Conclusions: Implementation of the two Checklists with evidence-based clinical indications and guidelines to order imaging may reduce volume of inappropriate urgent to elective MRI and CT requisitions for adult outpatients. Our results may help the design of other local and national quality improvement studies (e.g., appropriate ordering of knee MRI imaging), by replicating the integration of a Checklist into the ordering process to mitigate inappropriate imaging requests.

Keywords

Lower back pain, Checklist, Computed tomography, Magnetic resonance imaging, Appropriateness of imaging order.

How This Fits in with Quality in Primary Care

What do we know?

• The high rate of inappropriate and unnecessary imaging for patients with low-back pain has become an increasingly recognized problem.

• Effective interventions that support primary care physicians to appropriately order lumbar spine imaging are needed.

What does this paper add?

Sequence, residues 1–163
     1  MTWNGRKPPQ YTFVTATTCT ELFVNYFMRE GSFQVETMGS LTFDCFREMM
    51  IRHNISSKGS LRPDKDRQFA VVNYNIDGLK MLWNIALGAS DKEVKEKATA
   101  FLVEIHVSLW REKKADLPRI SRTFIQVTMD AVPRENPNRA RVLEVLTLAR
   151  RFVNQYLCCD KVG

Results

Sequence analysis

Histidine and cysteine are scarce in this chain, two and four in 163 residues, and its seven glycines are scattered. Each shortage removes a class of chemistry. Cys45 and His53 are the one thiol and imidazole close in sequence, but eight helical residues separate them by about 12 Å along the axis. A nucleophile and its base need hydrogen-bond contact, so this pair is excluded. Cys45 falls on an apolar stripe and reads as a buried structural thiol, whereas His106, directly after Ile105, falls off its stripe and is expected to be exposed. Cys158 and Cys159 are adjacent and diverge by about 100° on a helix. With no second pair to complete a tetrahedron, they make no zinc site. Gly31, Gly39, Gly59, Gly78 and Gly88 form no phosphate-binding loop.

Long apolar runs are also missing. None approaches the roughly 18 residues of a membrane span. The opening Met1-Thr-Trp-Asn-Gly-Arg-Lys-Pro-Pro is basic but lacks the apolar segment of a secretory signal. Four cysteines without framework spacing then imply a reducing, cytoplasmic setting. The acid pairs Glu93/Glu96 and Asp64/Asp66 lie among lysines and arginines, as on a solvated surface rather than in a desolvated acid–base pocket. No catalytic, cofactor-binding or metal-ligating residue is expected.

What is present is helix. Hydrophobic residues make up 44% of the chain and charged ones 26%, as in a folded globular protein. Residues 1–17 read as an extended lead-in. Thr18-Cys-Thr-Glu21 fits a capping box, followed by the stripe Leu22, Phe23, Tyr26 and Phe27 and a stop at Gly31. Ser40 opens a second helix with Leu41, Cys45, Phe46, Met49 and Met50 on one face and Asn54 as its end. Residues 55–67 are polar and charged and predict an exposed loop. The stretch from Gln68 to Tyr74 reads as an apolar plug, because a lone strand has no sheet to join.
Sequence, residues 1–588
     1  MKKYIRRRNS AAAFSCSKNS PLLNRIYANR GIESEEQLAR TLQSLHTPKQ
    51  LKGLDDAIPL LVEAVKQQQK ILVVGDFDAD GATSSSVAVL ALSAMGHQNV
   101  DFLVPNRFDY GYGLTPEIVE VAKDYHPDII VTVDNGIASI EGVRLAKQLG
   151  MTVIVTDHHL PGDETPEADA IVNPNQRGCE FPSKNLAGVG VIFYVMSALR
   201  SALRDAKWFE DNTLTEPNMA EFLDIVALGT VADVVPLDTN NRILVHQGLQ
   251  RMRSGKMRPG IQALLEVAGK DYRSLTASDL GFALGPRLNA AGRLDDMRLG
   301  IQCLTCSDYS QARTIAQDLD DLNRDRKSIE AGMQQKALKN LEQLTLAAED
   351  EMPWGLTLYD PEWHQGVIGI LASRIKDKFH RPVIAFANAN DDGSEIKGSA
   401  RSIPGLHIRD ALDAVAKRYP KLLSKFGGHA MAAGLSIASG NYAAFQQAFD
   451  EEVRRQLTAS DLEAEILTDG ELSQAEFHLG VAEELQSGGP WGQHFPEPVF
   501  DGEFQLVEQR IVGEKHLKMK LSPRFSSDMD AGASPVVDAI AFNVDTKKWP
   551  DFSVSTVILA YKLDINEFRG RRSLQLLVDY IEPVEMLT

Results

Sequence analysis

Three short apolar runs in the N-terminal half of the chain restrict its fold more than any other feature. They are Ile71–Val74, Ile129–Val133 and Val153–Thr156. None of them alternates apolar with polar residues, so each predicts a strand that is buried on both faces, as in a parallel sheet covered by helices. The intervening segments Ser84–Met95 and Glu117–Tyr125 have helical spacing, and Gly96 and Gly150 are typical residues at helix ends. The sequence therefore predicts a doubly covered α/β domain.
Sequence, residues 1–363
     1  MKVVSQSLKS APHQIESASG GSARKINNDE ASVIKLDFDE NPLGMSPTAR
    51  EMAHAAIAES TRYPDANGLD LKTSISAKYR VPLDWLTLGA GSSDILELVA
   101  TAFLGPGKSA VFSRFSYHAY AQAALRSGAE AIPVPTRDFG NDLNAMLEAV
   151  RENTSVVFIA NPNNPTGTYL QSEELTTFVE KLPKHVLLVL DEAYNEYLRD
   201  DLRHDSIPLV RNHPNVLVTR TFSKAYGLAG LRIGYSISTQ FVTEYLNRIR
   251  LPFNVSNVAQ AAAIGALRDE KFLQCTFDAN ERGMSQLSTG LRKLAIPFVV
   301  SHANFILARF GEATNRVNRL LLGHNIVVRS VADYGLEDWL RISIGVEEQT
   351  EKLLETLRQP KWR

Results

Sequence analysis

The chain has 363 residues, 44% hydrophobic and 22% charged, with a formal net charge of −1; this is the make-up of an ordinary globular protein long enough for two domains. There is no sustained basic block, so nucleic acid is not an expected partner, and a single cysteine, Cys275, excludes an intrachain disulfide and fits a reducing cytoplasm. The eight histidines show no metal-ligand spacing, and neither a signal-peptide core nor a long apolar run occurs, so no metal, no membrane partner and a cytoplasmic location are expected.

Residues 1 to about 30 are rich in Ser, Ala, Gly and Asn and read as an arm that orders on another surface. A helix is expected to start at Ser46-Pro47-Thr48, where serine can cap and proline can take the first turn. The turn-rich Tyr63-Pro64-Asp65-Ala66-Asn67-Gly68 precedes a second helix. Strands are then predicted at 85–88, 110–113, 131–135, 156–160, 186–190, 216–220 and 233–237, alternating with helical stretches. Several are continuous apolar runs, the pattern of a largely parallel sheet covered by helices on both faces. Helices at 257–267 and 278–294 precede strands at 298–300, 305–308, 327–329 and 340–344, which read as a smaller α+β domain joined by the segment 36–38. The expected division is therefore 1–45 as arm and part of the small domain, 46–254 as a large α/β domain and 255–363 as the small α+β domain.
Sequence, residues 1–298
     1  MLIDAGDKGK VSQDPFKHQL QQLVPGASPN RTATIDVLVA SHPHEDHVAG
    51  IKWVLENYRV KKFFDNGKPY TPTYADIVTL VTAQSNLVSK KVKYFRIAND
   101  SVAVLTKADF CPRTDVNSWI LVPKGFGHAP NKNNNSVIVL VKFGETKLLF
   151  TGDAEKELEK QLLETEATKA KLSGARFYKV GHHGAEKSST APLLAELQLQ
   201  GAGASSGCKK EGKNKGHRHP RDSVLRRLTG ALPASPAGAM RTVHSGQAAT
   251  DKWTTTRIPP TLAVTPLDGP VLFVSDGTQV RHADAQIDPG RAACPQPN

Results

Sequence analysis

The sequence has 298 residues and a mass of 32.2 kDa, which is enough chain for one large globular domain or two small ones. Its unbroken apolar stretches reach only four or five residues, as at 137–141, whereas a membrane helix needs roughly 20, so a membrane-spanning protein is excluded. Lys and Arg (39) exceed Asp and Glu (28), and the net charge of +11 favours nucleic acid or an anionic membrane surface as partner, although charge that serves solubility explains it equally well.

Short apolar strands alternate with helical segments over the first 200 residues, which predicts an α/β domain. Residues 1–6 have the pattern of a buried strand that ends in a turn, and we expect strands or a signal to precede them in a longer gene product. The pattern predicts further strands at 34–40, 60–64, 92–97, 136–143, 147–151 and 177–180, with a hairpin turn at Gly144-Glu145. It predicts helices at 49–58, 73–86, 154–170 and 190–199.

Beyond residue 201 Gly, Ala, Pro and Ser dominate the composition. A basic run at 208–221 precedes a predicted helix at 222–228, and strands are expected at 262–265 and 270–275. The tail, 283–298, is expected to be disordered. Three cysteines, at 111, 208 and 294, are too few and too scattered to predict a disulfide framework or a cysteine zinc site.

• The lumbar spine MRI and CT Checklists demonstrate an opportunity to equip primary care physicians with decisionsupport tools to improve appropriateness of their imaging decision requests.

Introduction

Lower back pain (LBP) has been identified as a major health problem in primary care in Canada [1]. One out of five Canadian patients has LBP [1]. Up to 30 % of patients with LBP have at least one unnecessary imaging test [2,3]. The significant rate of computed tomography (CT) scan and magnetic resonance imaging (MRI) use for LBP patients has caused considerable overuse in the healthcare system. In addition, inappropriate MRI and CT scans for LBP increases radiation exposure, leads to further avoidable tests and surgery, and increases wait times for those who genuinely need these imaging [5-7].